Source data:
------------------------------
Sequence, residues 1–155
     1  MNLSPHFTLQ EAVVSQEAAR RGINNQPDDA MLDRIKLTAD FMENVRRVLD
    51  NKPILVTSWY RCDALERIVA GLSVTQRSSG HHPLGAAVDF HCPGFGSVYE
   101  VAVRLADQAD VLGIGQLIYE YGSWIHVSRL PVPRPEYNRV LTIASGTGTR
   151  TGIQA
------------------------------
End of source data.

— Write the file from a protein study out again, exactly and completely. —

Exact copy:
Sequence, residues 1–155
     1  MNLSPHFTLQ EAVVSQEAAR RGINNQPDDA MLDRIKLTAD FMENVRRVLD
    51  NKPILVTSWY RCDALERIVA GLSVTQRSSG HHPLGAAVDF HCPGFGSVYE
   101  VAVRLADQAD VLGIGQLIYE YGSWIHVSRL PVPRPEYNRV LTIASGTGTR
   151  TGIQA